Martin Folkes (1690-1754), affable, privately wealthy, well-connected, and intellectual, was the eldest son of an eminent Gray’s Inn bencher, a former Solicitor General and later Attorney General.
Folkes was educated privately by James Cappel, a Huguenot tutor, before matriculating at Clare College, Cambridge. His father’s death when Folkes was fifteen brought an inheritance estimated by William Stukeley to be around £3,000, the equivalent of several million today. It permitted Folkes the luxury of leisured study and, in October 1714, marriage to Lucretia Bradshawe, an actress. Their marriage was described glowingly: ‘such has been her Behaviour to him… there is not a more happy Couple.’
Folkes’s intellectual abilities supported his election as a Fellow of the Royal Society in July 1714: ‘the progress he made… after he left the University, in all parts of Learning, particularly Mathematical & Philosophical, distinguished him’. His sociability added to the mix and he was elected to the Society’s Council in 1716 and 1718-26. In January 1723 Folkes was elected one of two Vice Presidents under Sir Isaac Newton, with whom he developed a close bond and for whom he deputised at Council meetings.
Although James Jurin, a fellow FRS, believed that Newton had ‘singled Folkes out to fill the chair’, Folkes lost the battle to succeed as President in 1727 and Hans Sloane, his co-Vice President and former Secretary, was elected. The contest led to a rift between Folkes and Sloane. It was however temporary and the two were later reconciled. Folkes was reappointed to the Council in 1729 and 1730, and in 1732 became a Vice President once more. He succeeded Sloane as President in 1741.
The convivial atmosphere of the Royal Society and of other professional and scholarly bodies, including the Society of Antiquaries to which Folkes was elected in 1720 and served as President from 1750-54, provided a milieu for the intellectual and amiable Folkes to encourage his colleagues to join him in Freemasonry. Several became members of his lodges at the Bedford Head in Covent Garden and the Maid’s Head in Norwich, near Folkes’s Norfolk estate.
When the Duke of Richmond became Grand Master in June 1724, he appointed Folkes, a very close friend, as his Deputy. Folkes succeeded Desaguliers in the post and continued the latter’s work. Just over a year later, Folkes was nominated to serve on the de facto management committee of Grand Lodge, the Grand Charity Committee, on which Desaguliers also served.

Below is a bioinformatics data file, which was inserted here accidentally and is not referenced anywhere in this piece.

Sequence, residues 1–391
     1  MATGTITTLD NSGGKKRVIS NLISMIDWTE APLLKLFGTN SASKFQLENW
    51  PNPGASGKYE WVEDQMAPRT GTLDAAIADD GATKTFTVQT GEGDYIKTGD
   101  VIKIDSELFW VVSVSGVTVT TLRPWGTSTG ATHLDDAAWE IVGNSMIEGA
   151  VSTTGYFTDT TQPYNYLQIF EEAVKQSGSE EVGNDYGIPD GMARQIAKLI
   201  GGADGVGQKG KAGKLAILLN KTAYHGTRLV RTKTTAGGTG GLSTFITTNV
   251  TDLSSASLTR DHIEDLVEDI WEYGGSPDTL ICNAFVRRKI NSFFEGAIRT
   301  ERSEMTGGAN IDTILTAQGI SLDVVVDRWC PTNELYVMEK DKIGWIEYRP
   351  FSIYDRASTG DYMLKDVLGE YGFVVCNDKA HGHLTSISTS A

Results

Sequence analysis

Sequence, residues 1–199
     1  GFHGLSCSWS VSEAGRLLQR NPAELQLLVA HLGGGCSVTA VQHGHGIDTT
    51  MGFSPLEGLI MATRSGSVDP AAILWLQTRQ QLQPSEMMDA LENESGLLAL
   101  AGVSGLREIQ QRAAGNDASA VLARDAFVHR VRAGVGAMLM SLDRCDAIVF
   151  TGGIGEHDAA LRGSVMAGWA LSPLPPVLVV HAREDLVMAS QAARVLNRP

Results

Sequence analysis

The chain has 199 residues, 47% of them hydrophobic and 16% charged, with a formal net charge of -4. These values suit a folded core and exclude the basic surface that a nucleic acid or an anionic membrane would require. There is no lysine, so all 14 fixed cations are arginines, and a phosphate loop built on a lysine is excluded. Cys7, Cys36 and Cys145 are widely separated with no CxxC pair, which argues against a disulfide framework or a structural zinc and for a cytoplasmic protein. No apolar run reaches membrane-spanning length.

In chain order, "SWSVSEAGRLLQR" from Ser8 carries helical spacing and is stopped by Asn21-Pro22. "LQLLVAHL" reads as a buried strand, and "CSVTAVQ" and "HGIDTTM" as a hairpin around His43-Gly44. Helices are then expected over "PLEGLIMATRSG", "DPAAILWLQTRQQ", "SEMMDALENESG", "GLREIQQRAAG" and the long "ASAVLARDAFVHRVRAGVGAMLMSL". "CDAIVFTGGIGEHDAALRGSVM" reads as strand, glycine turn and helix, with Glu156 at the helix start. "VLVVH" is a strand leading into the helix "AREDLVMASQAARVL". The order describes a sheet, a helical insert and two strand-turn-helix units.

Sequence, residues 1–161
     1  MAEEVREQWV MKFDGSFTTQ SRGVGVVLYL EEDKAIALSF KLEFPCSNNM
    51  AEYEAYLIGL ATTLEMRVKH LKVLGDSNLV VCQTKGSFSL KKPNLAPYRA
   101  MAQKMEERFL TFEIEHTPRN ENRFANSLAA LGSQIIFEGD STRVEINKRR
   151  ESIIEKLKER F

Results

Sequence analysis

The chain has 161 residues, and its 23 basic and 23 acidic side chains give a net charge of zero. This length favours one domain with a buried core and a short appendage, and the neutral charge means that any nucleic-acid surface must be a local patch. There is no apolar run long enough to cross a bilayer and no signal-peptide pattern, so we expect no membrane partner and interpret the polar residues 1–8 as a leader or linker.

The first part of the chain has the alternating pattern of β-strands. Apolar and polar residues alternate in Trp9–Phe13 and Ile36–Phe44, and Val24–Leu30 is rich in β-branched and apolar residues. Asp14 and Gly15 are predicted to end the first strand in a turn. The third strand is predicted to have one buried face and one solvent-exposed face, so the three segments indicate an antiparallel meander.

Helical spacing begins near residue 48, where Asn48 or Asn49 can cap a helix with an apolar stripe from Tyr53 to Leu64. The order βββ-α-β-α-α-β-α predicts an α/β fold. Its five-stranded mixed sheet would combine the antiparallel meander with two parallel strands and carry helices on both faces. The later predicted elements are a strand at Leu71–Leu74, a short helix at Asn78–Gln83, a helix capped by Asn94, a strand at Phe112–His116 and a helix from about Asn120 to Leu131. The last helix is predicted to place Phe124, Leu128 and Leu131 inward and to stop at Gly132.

Folkes’s travels and antiquarian studies took him away from London to the provinces and continental Europe and his attendance at Grand Lodge in the 1730s was sparse. In the 1740s he was present on 22 April 1740 at the installation of the Earl of Kintore as Grand Master; on 19 March 1741 at the installation of the Earl of Morton; and on 23 March 1741 when Lord Ward was named the next Grand Master. On the last occasion Folkes was described in the Minutes as ‘PRS’, President of the Royal Society, a position to which he had been elected unanimously that year. He was elected to the Académie Française the following year.
The Duke of Richmond described Folkes as ‘a gentleman of very good family, and one of the leading Savants of this kingdom’, and that Folkes was ‘one of the most learned and at the same time most agreeable men in Europe’ and ‘one of the most intimate and dearest friends I have in the world… He is a member of our Royal Society and… an intimate acquaintance of the great Sir Isaac Newton, for whose memory, as every man of learning must, he has the utmost veneration’.
Folkes was integral to freemasonry’s development in the 1720s and supportive of Desaguliers, Payne, and the inner core within Grand Lodge that steered the organisation on an Enlightenment course. His relationship with Desaguliers dated back to 1714 when both were elected to the Royal Society. Folkes promoted the Craft actively, proposing at least eleven freemasons as Fellows. It is also significant that ten Fellows were members of Folkes’s lodge at the Bedford Head, a quarter of the membership. Among them was John Arbuthnot, the physician, mathematician and author, whose own social circle extended from Alexander Pope to Philip Dormer Stanhope, 4th Earl of Chesterfield.
The Bedford Head Lodge mixed Fellows of the Royal Society with other establishment figures, including Charles Cornwallis, 5th Baron Cornwallis, later the 1st Earl; Sir Thomas Jones, a banker and magistrate; Sir Charles Cox, MP for Southwark, a successful brewer and property investor; and Huguenot financiers and merchants. The Bedford Head was among the best-known Covent Garden taverns with a reputation as a ‘luxurious refractory’ celebrated for its food and gaming. In his 1733 imitation of Horace’s second satire, Alexander Pope’s Oldfield, a glutton who exhausted a fortune of £1,500 a year in the ‘simple luxury of good eating’, declared ‘let me extol a Cat, on oysters fed, I’ll have a party at the Bedford-head’. And in a later poem Pope enquired ‘when sharp with hunger, scorn you to be fed, except on pea-chicks at the Bedford-head?’ Horace Walpole also mentions the tavern, telling a tale of eight gentlemen who having enjoyed an evening in Covent Garden ‘retired to a great supper prepared for them at the Bedford Head’.
Such a reputation would have commended the tavern to Folkes. His familiarity with convivial dining was renowned and captured effectively in Hogarth’s 1741 portrait. Nonetheless, complementing its reputation for hedonism, the Bedford Head had also become a popular location for lectures by leading scientists, including Desaguliers.